Mary’s story is both compelling and heartbreaking. Mary is adamant about her innocence, but she’s also torn between telling the truth and condemning the one person in her life she’s always felt protective of: her mother. The author does an incredible job of holding the reader’s attention, not only by using Mary’s appeal to overturn her case to push the story forward, but also by weaving in excerpts from interviews and various officials’ notes in order to give a clearer picture of Mary’s past. With the entire system stacked against her, it isn’t hard to root for Mary, to hope that she could somehow have a happy ending. But there are instances when Mary’s credibility is brought into question. It isn’t that she is necessarily lying, but that she isn’t telling the whole truth. What happened the night little Alyssa died is shrouded in mystery and while I wanted to hear the whole story from Mary sooner, it was the secrecy and uncertainty of that night that kept me reading.

The most interesting and powerful relationship in Allegedly is Mary’s complicated dynamic with her mother. Though Mary has been through a lifetime of pain, she’s still in many ways very young. Her emotional age is never more apparent than when discussing her mother. Though she blames her mother for what happened to Alyssa, she still wants to protect her. She still worries about her mother’s mental health when she isn’t around, whether she’s been taking her pills and if she’s been having as her mother phrases it “a day.” She wishes more than anything to be able to talk to her mother when it comes to her pregnancy, but her mother remains antagonistic toward the very idea, so Mary remains very much isolated. Mary is starved for motherly love, but is also understandably distrustful of strangers. For her, it isn’t a matter of if the people in her life will disappoint her, but a matter of when.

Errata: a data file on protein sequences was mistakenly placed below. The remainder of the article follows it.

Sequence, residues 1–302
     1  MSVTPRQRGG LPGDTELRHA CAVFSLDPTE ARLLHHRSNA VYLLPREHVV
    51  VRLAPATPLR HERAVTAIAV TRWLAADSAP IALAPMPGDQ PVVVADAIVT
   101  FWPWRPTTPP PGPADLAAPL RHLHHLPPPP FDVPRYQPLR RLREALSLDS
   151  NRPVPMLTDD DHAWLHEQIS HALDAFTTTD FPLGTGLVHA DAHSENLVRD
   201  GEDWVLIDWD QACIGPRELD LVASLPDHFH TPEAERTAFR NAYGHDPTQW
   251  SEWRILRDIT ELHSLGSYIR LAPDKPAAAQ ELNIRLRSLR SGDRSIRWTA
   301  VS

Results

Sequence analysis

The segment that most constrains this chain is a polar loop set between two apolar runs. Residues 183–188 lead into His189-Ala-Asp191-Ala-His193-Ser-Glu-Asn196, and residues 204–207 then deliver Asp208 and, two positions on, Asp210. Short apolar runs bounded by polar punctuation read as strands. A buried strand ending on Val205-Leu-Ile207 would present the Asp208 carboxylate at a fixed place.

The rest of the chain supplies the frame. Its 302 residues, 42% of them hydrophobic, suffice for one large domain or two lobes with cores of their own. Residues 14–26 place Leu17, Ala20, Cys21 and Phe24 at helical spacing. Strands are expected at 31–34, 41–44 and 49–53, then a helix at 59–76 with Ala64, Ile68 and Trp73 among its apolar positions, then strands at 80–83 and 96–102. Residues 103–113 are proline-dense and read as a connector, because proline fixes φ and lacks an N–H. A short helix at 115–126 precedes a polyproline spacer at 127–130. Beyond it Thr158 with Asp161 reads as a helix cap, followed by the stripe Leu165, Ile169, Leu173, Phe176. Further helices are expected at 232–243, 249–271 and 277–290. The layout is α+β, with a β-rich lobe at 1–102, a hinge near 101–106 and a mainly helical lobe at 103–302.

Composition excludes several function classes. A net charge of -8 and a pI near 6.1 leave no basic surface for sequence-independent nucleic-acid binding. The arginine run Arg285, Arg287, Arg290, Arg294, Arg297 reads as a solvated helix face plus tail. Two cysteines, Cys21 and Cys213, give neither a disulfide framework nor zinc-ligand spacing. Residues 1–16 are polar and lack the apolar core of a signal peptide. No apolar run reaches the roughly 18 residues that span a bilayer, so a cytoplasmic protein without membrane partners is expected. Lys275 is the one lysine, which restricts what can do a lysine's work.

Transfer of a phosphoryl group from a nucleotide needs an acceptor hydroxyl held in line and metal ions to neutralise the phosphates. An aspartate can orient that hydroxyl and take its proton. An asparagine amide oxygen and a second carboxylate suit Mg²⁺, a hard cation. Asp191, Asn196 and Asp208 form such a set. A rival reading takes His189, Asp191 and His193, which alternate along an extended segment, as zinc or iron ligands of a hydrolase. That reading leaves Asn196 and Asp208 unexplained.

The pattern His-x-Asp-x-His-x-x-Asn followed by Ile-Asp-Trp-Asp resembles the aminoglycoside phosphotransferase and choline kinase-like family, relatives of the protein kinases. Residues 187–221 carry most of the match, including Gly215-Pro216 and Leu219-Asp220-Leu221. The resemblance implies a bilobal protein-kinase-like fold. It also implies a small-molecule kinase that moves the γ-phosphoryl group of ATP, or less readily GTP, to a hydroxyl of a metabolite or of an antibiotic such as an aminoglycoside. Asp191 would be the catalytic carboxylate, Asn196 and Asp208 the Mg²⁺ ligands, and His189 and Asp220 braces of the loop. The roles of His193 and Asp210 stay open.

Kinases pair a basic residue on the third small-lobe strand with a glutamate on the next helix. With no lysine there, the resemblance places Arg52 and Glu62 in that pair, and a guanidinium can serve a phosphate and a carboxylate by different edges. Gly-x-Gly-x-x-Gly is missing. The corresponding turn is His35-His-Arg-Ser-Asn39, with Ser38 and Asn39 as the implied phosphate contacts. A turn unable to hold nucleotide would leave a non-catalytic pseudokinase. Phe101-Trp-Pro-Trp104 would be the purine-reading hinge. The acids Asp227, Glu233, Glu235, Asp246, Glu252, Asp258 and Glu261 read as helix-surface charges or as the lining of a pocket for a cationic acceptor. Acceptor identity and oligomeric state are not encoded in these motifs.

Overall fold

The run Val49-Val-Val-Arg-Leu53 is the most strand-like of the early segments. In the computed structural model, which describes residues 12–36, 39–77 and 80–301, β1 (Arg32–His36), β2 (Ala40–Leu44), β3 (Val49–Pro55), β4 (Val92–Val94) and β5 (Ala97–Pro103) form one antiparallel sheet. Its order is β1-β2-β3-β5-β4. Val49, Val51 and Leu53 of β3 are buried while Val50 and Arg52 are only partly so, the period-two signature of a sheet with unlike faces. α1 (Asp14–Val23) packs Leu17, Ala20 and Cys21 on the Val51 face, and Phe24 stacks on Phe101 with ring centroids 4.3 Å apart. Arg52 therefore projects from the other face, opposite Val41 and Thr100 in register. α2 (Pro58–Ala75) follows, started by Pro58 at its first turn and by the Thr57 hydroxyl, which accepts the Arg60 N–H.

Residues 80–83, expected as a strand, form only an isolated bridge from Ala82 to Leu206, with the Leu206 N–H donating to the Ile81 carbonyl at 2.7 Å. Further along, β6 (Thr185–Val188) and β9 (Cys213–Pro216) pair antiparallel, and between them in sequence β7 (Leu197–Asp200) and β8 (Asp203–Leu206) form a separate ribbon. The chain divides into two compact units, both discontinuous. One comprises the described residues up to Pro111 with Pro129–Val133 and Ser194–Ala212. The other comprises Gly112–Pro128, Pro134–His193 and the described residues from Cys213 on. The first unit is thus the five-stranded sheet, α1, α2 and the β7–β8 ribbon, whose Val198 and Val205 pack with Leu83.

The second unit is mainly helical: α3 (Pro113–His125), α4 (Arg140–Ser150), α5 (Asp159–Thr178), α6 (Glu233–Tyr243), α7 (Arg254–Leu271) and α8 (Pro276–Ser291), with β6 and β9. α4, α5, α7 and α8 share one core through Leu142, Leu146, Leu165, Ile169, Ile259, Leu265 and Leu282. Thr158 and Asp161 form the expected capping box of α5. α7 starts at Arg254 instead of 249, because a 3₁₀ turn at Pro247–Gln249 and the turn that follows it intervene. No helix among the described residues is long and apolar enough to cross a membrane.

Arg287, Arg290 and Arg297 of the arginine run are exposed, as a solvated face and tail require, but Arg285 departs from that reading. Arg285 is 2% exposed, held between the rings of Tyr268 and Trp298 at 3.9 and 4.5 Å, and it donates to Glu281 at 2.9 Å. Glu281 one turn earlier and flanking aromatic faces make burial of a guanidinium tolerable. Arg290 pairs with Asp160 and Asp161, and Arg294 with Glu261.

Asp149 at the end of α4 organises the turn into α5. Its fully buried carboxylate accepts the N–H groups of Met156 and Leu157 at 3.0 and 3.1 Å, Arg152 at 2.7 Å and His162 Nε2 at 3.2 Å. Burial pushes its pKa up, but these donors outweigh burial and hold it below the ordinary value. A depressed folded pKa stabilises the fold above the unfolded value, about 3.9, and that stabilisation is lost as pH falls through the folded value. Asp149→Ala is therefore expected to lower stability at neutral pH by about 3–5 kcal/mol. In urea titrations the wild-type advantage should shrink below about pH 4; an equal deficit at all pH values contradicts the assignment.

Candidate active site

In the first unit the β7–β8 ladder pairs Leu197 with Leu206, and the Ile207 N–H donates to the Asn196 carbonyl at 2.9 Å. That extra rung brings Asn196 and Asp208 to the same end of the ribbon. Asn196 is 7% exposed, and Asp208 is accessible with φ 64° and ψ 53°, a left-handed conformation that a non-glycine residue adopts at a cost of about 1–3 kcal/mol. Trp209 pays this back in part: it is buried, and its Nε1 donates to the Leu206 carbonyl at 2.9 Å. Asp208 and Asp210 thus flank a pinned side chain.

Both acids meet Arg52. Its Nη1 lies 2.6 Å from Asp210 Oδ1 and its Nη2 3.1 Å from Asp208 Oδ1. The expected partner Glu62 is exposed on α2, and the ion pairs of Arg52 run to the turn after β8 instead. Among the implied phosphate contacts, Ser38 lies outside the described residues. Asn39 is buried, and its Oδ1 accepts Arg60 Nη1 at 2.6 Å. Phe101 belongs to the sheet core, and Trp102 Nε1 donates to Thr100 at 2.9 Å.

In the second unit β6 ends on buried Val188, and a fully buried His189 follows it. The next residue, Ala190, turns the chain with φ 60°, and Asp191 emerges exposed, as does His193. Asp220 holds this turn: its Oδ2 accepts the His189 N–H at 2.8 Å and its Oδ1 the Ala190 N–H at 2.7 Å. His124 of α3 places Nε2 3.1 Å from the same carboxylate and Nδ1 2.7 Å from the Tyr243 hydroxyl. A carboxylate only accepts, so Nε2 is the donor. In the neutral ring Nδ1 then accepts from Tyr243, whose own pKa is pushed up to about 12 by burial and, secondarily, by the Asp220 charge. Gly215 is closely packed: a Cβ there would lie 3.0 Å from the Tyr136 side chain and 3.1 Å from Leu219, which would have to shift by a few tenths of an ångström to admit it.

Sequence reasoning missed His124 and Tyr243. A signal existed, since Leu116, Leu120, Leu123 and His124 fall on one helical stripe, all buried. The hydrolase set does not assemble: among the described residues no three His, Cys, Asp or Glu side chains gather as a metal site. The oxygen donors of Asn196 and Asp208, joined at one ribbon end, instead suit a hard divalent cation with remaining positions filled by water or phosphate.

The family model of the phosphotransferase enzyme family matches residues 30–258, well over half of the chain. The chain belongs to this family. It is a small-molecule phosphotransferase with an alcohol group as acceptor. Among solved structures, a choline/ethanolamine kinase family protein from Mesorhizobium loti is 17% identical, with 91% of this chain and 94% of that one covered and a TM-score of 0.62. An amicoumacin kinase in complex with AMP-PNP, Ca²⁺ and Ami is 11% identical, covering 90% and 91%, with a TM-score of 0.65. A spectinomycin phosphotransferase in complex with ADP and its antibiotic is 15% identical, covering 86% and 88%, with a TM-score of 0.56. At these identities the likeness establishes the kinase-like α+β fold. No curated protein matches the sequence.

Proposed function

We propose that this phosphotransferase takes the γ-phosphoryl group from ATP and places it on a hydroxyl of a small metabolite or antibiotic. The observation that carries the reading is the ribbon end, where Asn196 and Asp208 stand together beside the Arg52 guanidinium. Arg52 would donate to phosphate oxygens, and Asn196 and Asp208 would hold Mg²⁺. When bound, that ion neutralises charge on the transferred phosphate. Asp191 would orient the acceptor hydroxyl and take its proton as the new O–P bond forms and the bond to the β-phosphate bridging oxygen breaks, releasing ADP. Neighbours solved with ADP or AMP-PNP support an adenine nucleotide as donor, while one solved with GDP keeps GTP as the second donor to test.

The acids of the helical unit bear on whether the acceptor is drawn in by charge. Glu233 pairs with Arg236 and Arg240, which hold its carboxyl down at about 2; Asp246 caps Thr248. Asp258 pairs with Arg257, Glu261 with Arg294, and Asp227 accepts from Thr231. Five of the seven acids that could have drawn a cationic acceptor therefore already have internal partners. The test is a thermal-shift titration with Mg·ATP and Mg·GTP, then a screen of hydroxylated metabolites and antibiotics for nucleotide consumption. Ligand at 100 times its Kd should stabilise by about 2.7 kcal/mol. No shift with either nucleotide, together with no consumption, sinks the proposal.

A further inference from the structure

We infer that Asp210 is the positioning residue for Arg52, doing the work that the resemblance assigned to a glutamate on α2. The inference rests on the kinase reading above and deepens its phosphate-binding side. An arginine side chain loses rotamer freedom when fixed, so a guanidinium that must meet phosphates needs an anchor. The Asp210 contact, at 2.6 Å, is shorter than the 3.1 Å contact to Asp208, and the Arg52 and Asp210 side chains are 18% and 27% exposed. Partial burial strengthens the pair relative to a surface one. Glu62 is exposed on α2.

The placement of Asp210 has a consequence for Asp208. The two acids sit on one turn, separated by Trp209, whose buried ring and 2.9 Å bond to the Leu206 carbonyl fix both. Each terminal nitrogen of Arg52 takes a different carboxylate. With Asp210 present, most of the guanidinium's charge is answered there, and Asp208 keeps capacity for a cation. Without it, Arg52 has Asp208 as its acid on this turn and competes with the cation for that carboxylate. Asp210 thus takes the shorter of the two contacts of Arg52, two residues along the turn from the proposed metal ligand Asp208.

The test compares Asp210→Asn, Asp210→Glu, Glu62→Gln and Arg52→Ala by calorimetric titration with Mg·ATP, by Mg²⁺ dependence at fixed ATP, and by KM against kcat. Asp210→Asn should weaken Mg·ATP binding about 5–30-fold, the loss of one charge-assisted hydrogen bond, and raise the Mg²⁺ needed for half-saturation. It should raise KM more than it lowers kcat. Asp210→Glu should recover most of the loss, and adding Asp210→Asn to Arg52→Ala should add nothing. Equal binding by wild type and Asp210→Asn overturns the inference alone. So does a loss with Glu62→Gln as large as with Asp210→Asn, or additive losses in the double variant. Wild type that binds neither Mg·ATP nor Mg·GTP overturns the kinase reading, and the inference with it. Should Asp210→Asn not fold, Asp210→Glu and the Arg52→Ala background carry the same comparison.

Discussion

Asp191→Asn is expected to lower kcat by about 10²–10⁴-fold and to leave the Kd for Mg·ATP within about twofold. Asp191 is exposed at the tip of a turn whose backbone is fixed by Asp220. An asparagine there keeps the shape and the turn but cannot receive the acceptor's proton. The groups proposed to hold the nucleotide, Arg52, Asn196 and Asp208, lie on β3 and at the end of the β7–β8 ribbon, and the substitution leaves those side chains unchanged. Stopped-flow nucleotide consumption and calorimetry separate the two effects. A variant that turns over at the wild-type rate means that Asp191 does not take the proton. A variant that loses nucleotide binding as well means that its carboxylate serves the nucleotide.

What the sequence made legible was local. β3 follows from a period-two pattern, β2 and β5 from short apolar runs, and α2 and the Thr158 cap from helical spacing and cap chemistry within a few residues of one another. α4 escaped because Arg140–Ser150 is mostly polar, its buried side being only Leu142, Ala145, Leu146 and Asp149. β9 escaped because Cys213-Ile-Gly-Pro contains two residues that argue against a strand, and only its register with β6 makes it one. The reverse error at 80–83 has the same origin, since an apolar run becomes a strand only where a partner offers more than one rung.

Allegedly examines minors in the justice system, systemic racism, mental illness, teen pregnancy, and a myriad of other important topics. Jackson has crafted an amazing debut that is both moving and thought-provoking and one that I will not soon forget.

Rating: 5/5

★★★★★

Stalking Jack the Ripper by Kerri Maniscalco

stalking-jack-the-ripper-by-kerri-maniscalcoTitle: Stalking Jack the Ripper
Author: Kerri Maniscalco
Series: Stalking Jack the Ripper, #1
Pages: 326
Publisher: Jimmy Patterson
Release Date: September 20th 2016

      “Seventeen-year-old Audrey Rose Wadsworth was born a lord’s daughter, with a life of wealth and privilege stretched out before her. But between the social teas and silk dress fittings, she leads a forbidden secret life.
      Against her stern father’s wishes and society’s expectations, Audrey often slips away to her uncle’s laboratory to study the gruesome practice of forensic medicine. When her work on a string of savagely killed corpses drags Audrey into the investigation of a serial murderer, her search for answers brings her close to her own sheltered world.

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“Everything was most certainly not okay, and this was no mathematical equation; my hands were covered in blood. I frantically wiped them off on my bodice, but it was no use. Blood stained my fingers in a crimson accusation.”

Stalking Jack the Ripper is a nice blend of thrills and mystery. With a likable protagonist and detail-oriented story, this work of historical fiction was really fun to read. Jack the Ripper stories can be really intriguing as they are based on a mystery that’s never been solved and authors can do what they will when it comes to filling in the blanks. Though novels that center around the idea that the forward-thinking protagonist is not like other girls in her time period can be annoying at times, I still enjoyed reading about how Audrey Rose defied societal expectations and appreciated that most of the men in her life helped her instead of hindering her ambitions. I also liked that the author was sure not to put down other females or femininity itself in order to elevate the protagonist.